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    +1. I like this answer overall and the concept first posed by @rewobs. What I was trying to avoid, however, is use of the word "private" since that could be misleading. Perhaps "Unlisted" would be a better choice and this structure can lend itself to eventually offering "Private" as a third option. I'm going to keep this question open to stew a bit longer. – vphilipnyc Jun 12 '15 at 20:26
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    @corsiKa I work at a medical company and just recently had to add a 3rd radio box for "I'd rather not say" on the Gender question of our sign up form. You would think that would be a pretty standard question to answer honestly to your doctor right?... – bfritz Jun 12 '15 at 21:49
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    The "modern" approach is 100 times better. People are used to public/private words these days thanks to facebook, github, etc. – Ayesh K Jun 13 '15 at 16:28
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    @bfritz, what about intersex people? They can't answer neither “male” nor “female”, even in an strictly medical context. – Arturo Torres Sánchez Jun 13 '15 at 22:48
10

As you mentioned if the option B doesn't include the question I would go with A) because the question is simply enough to admit a Yes/No answer, plus the explanation next to the option is the expected and not something that really needs to be cleared before the user accept, the question already states the final consequence.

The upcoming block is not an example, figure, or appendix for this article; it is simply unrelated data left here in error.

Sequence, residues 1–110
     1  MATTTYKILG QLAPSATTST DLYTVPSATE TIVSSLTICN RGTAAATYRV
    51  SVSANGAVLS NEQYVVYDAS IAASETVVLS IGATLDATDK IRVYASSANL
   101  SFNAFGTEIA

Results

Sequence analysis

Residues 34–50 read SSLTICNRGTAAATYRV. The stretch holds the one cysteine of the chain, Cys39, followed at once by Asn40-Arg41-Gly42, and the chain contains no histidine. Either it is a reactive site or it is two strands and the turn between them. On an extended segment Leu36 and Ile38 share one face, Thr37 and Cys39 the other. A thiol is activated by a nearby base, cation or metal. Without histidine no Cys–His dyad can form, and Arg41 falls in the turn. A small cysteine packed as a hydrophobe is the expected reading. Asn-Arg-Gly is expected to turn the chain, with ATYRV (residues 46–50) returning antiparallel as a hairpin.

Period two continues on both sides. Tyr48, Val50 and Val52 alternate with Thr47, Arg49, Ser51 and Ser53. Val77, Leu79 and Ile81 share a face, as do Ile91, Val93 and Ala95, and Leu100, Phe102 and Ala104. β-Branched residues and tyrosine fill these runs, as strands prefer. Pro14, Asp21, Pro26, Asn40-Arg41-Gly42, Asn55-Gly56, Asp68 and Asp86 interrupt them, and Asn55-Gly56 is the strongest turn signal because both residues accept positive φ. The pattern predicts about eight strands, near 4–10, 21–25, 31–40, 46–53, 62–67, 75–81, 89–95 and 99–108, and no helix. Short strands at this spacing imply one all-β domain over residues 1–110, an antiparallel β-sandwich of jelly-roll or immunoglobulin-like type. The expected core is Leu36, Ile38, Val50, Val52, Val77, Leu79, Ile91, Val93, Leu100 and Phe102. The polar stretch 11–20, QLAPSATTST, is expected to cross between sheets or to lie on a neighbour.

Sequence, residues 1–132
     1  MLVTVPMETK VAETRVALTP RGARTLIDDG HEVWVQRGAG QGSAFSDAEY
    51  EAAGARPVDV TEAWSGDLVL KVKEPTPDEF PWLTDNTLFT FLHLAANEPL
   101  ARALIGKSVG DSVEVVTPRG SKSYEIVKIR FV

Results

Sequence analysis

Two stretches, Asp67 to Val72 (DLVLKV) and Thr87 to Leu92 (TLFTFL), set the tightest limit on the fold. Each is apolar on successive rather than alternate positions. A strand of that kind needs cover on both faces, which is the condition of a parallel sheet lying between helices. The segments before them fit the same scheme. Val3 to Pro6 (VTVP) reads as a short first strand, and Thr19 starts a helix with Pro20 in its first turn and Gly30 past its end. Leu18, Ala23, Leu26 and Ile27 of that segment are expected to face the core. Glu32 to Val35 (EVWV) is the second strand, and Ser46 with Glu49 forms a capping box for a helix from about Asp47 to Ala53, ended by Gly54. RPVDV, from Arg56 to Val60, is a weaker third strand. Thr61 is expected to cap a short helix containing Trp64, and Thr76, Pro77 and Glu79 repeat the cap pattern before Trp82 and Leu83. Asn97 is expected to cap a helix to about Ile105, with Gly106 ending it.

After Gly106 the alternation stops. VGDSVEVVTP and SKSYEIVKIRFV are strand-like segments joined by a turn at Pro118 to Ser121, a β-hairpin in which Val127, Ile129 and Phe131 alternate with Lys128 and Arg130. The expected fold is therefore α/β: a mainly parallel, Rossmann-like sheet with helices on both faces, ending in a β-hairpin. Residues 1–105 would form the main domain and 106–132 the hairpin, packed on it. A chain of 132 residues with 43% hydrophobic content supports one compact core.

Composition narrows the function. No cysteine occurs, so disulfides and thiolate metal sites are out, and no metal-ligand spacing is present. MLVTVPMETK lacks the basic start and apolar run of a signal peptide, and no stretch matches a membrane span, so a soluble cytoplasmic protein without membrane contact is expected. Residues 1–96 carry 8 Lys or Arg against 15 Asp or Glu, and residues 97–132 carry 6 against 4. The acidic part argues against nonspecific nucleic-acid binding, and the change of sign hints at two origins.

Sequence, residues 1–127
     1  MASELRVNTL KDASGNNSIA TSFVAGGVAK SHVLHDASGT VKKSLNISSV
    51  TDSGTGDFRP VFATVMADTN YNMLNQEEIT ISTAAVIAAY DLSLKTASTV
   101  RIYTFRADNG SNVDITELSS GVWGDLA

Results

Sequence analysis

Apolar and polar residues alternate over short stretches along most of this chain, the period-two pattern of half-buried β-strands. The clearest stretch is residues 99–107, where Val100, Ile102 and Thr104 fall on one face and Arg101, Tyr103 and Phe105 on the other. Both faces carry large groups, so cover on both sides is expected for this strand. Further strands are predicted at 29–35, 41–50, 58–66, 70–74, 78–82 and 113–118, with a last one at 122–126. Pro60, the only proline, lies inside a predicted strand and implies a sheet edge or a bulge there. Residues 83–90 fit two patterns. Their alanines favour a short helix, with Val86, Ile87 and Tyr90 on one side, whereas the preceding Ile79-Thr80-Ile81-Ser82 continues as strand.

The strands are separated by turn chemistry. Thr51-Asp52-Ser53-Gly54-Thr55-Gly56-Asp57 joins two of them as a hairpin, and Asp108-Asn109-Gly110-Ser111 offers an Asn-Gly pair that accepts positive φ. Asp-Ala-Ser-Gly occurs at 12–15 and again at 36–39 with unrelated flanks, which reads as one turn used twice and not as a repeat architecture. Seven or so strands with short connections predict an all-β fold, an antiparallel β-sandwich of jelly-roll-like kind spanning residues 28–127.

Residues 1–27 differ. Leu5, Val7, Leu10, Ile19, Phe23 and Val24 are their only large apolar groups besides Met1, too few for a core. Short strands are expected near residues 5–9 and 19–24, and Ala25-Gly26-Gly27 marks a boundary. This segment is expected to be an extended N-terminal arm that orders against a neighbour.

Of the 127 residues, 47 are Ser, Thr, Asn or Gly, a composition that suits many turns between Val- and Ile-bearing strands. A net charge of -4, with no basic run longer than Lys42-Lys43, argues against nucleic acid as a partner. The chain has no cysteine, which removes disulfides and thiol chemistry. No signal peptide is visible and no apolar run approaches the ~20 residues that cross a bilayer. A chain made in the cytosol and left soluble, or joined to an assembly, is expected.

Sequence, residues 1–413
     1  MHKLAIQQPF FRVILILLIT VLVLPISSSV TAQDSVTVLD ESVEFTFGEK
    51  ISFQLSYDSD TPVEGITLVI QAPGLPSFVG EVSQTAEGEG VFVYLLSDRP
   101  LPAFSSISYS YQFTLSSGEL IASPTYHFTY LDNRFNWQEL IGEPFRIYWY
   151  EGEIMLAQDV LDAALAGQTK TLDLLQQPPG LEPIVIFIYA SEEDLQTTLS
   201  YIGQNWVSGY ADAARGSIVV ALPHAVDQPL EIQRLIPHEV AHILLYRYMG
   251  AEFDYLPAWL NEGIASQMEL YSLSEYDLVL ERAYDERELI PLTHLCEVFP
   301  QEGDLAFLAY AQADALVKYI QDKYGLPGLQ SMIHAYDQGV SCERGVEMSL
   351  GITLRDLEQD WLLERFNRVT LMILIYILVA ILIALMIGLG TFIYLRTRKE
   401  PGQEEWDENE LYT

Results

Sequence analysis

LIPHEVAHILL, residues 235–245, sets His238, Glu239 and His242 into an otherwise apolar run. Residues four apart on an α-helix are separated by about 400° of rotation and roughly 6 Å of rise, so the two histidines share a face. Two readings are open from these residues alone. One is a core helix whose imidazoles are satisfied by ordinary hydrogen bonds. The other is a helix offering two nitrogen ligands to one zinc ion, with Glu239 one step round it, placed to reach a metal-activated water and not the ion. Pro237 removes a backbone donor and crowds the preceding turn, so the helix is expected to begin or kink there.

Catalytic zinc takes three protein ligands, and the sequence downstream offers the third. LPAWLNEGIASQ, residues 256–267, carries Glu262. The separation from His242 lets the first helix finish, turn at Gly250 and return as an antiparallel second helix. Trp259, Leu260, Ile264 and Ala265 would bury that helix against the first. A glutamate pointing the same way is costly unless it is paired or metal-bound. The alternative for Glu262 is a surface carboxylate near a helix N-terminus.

Also you could use an alternative approach, that for me is clearer: (FYI English is not my native language, so use the words that suit better )

Visibility of list property :   
( ) Public.  Make the property viewable from my home page.   
( ) Hidden.  Hide the property from my home page.
3

You could convert the radio select into a check box and provide a tool tip with additional information about the option (i.e. public = visible on homepage)

  • 1
    Not a bad idea per se, but a checkbox implies a default value. – vphilipnyc Jun 12 '15 at 14:26
  • How does a checkbox imply a default value? – corsiKa Jun 12 '15 at 19:31
  • If a page is loaded with a checkbox named "public" and is checked, it implies that it is public by default. If it is loaded as unchecked, it is implied as private by default. Does that make sense? You can make the user choose consciously with a radio button before proceeding as it can be unselected. – vphilipnyc Jun 12 '15 at 19:56
  • Or technically, if it is unchecked it is not public by default – vphilipnyc Jun 12 '15 at 20:16